I also blog twice a month at Christian Children’s Authors where I am one of a group of Christian authors discussing family activities, books, writing, and more.

How can I achieve my goal?


  1. Add blog days to my calendar. I'm working on time blocking my calendar in earnest and adding those dates (I'm such a paper calendar girl) to Outlook so they feed into my phone and provide me reminders that aren't as easy to ignore.
  2. Set aside one hour on Sunday evenings to pre-schedule the following week's posts. This will be tough because I work so much and in the evenings I am usually tired. It might have to become early Saturday morning. 
  3. Participate in two weekly blog memes. This is one of the easiest ways to add blog content. Some are more time consuming than others, so I'll have to choose wisely.  
  4. Look over my book review spreadsheet and put forth a plan to promote books if I haven't had time to read them yet. While I can't control how long it will take me to read a book or how much reading time I'll have, I want to focus on creating a regular blog column that enables me to discuss books in my TBR pile. Used to be the First Chapter Review, but those might take more time than I have. Still plan to continue the First Chapter Reviews when I have time.
What do you think of these goals? What are some of your blogging goals for 2018? How many years have you been blogging? If you have a special blogging anniversary coming up--5 years, 7 years, 10 years, etc.--are you planning anything special? 

Tuesday, January 2, 2018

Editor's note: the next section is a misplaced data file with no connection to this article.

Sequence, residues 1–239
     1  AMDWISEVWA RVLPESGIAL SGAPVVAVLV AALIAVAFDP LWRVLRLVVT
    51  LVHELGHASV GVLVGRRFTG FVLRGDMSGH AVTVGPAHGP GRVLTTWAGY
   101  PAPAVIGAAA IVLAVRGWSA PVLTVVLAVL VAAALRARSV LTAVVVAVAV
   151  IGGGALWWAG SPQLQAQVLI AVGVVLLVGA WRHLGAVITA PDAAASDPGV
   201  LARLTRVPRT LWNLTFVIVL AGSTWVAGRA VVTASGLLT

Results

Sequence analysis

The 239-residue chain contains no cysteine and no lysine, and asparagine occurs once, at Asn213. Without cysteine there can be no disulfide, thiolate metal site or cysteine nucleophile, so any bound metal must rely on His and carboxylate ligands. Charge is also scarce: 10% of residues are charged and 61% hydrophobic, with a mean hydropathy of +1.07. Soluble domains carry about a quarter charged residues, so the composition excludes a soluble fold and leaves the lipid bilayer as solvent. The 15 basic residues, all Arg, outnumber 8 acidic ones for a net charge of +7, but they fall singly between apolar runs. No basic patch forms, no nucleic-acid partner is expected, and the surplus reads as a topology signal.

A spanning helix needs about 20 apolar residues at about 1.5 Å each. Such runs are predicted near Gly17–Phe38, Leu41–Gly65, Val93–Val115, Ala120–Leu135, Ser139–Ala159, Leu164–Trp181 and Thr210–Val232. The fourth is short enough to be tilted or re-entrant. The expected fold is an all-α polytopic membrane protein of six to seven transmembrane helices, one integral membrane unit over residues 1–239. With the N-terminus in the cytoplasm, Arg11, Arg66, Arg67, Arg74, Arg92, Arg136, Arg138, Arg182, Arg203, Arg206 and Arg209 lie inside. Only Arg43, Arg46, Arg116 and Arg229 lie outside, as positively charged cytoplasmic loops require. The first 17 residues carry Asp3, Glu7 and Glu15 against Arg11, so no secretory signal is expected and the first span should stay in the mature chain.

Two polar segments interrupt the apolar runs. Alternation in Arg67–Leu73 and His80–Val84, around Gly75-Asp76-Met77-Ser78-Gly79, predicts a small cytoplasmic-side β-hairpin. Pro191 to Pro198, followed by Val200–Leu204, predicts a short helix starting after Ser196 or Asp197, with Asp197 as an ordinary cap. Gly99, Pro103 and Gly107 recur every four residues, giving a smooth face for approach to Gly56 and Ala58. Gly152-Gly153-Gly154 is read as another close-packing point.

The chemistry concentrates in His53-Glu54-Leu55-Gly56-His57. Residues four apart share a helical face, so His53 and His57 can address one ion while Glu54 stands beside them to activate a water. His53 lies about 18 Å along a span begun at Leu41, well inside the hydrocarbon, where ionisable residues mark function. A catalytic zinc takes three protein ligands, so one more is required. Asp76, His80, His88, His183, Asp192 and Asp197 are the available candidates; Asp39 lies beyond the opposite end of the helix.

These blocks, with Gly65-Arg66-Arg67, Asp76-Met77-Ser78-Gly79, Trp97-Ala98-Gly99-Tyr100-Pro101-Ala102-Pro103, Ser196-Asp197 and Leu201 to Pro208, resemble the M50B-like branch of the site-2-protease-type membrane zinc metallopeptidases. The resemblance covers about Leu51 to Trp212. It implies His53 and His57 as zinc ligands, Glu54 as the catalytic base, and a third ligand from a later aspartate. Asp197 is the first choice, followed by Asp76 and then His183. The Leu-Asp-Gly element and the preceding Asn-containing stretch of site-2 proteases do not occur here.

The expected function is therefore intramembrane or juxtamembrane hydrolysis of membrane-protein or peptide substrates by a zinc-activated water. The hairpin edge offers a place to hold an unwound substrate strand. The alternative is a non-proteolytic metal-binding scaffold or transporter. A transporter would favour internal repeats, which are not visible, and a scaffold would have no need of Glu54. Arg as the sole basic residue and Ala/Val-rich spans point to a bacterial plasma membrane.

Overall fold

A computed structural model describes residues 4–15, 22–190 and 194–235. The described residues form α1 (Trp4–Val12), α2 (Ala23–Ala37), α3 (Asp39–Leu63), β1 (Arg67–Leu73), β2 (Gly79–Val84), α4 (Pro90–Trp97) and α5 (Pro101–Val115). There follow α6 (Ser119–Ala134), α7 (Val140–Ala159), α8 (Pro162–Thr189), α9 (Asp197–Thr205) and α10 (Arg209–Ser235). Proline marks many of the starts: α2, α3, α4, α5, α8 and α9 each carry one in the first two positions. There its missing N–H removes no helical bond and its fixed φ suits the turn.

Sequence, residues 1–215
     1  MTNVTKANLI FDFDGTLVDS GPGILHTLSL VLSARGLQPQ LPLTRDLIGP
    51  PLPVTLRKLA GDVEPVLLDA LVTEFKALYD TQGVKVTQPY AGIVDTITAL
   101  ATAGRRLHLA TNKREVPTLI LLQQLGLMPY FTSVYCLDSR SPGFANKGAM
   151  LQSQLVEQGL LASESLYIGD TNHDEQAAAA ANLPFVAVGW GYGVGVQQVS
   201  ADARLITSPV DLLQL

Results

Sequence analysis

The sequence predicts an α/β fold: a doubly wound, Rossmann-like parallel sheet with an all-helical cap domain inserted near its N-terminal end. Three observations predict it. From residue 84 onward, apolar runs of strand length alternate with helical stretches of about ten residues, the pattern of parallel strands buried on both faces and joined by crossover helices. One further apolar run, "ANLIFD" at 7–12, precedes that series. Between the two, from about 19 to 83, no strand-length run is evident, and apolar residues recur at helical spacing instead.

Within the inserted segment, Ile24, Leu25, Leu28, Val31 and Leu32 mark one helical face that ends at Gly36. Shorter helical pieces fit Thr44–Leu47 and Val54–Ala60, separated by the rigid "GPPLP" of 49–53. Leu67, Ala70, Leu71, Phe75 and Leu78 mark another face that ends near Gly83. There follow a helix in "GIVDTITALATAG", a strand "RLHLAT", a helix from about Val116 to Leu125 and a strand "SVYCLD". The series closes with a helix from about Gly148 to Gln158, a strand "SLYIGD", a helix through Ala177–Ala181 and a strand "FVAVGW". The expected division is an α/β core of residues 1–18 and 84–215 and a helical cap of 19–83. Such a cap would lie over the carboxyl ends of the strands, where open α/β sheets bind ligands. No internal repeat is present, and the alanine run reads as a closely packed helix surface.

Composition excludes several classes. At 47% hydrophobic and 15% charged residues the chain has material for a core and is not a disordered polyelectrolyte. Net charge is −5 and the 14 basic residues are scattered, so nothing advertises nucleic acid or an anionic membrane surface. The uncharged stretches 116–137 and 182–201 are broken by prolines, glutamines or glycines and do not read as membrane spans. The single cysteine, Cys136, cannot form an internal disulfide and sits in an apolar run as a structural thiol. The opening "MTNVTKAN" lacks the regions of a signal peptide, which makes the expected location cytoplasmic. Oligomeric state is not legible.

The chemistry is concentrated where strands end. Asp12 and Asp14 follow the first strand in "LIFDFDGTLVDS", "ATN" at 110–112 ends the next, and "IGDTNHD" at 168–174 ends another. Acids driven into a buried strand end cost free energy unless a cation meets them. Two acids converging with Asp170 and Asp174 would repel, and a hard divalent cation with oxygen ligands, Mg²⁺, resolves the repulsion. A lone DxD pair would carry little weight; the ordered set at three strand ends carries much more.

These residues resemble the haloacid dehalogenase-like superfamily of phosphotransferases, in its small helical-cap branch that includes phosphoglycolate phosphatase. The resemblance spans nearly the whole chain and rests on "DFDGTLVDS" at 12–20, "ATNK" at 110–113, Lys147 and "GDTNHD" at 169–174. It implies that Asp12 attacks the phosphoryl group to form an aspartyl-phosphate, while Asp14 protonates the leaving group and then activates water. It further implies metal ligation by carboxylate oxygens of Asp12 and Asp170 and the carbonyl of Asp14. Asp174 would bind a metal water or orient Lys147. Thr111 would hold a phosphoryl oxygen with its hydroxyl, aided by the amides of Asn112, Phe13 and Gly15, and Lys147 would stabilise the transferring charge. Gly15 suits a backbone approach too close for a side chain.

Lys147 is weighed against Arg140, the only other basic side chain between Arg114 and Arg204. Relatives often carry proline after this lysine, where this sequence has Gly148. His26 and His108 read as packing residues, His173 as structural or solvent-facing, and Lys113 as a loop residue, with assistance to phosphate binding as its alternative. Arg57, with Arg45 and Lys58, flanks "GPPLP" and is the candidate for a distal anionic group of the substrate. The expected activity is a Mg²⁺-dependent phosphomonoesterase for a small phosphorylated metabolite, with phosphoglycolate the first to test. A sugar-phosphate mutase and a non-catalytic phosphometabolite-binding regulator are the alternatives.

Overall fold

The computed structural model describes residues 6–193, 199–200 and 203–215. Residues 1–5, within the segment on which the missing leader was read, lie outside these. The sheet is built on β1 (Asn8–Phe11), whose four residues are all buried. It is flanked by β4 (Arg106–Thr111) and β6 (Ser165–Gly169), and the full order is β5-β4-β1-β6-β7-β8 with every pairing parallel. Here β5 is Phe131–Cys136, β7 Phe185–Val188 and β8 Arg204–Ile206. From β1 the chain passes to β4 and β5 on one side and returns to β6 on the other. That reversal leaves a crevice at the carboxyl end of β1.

Top Ten Tuesday: Ten Books I Meant To Read In 2017 But Didn't Get To (and totallyyyy plan to get to in 2018!!)

I really missed participating in this meme in 2017. I'm working to participate more often this year.

Top Ten Tuesday is an original feature/weekly meme created at The Broke and the Bookish (moving to That Artsy Reader Girl on January 16) . Each week they will post a new Top Ten list that one of the bloggers at The Broke and the Bookish will answer. Everyone is welcome to join. All they ask is that you link back to The Broke and the Bookish on your own Top Ten Tuesday post AND add your name to the Linky widget so that everyone can check out other bloggers lists! If you don't have a blog, just post your answers as a comment. Have fun with it! It's a fun way to get to know your fellow bloggers.

Ten Books I Meant To Read In 2017 But Didn't Get To (and totallyyyy plan to get to in 2018!!)



Came from Amazon Vine. Don't know why they even let me grab these. It always takes me forever to read them.


I used to jump at books about Laura Ingalls Wilder, but haven't even cracked this one open.


That also applies to this one. The new year better see me making time for my Little House/LIW fix. 


At least I started this one before needing to break off to catch up on book reviews. It's hiding in my office somewhere waiting for me to find it and finish it off.


Was supposed to review this for Tyndale months ago. Whoops!





I reviewed the fifth book in the Caitlin Strong series and the publisher has been kind enough to send these others along. Really need to read them. Feel like a jerk because I haven't. 


Bought this from the author at a writers conference at least two years ago--I really think three--and promised to review it. Need to get it done. 

What is a book that you wanted meant to read last year, but it didn't happen? My list is endless, so I'll only share these ten.